Denver already diverts water – including an estimated 60 percent of the native flows of the Fraser – from the Fraser and Williams Fork basins through an extensive network of tunnels and pipes that funnel water to the Moffat Tunnel for delivery and use in the Front Range. Denver’s proposed project would expand storage at Gross Reservoir and enable them to divert additional water from this network during comparatively wetter periods (generally spring and early summer, in wet and average years). The loss of these higher flow periods and the sediment flushing they provide, and the potential for summer diversions to exacerbate existing high stream temperatures, raise significant concern for TU and others concerned with the health of the Fraser basin. Above all, TU has been concerned that existing habitat models cannot properly predict impacts in a stream system that is already so depleted, and so we have consistently called for a monitoring and adaptive management program capable of detecting and addressing unanticipated impacts.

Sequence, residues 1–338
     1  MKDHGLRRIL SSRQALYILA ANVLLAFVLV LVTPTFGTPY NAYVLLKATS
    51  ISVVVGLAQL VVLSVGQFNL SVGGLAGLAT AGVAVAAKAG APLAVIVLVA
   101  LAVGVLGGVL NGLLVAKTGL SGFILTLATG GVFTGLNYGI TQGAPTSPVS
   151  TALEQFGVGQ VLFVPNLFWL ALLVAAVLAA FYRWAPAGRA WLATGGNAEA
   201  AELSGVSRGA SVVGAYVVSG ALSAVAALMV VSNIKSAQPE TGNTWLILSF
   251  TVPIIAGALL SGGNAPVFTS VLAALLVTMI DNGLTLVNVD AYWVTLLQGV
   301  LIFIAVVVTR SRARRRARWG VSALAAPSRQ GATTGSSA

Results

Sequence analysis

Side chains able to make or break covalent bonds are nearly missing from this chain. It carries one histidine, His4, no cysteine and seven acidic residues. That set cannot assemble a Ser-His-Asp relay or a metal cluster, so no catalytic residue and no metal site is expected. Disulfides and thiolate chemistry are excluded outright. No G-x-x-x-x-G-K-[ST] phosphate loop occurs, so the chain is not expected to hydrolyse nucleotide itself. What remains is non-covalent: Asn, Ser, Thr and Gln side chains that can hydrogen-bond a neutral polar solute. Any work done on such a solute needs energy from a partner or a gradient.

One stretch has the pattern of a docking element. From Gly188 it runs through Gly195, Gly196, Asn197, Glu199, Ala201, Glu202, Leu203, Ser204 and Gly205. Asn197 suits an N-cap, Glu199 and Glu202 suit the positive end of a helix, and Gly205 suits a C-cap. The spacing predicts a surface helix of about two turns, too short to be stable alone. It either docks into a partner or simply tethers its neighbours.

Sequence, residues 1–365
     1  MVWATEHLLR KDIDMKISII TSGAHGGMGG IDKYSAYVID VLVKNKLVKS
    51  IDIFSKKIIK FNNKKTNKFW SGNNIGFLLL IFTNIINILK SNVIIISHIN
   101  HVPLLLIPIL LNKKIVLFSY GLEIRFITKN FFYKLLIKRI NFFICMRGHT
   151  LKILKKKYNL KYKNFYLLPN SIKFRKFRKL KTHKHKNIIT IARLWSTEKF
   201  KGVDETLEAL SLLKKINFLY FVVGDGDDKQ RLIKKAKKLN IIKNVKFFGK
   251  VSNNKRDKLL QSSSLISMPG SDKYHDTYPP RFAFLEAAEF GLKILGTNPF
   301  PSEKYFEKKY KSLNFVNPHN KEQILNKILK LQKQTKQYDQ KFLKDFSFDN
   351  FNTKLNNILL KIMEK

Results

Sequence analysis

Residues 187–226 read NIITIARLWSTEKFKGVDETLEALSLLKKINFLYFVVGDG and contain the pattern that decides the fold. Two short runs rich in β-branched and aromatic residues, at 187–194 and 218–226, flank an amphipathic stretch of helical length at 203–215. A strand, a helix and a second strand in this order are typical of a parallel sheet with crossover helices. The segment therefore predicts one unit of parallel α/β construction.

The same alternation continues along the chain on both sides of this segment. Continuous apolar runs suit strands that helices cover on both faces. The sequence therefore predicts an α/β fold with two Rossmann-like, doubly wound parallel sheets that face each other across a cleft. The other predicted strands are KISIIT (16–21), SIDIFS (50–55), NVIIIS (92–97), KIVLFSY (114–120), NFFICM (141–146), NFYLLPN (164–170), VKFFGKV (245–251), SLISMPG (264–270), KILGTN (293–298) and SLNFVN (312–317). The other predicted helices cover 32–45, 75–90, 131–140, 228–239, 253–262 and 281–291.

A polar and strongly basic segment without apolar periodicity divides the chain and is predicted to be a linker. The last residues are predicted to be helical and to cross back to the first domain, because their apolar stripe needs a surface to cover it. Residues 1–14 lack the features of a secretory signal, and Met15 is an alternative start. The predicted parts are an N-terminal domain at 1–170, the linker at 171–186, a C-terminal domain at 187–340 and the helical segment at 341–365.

The agreement among Denver Water, Grand County, and TU responds to these concerns through an extensive package of enhancement and mitigation, guided by an ongoing monitoring and adaptive management effort called “Learning by Doing.” Whether mitigation or enhancement, Denver Water commits to implement this package and that commitment would be included in the 404 permit for the project.
Read the entire article at: http://www.coloradotu.org/2014/07/moffat-agreement-whats-in-it-for-the-river/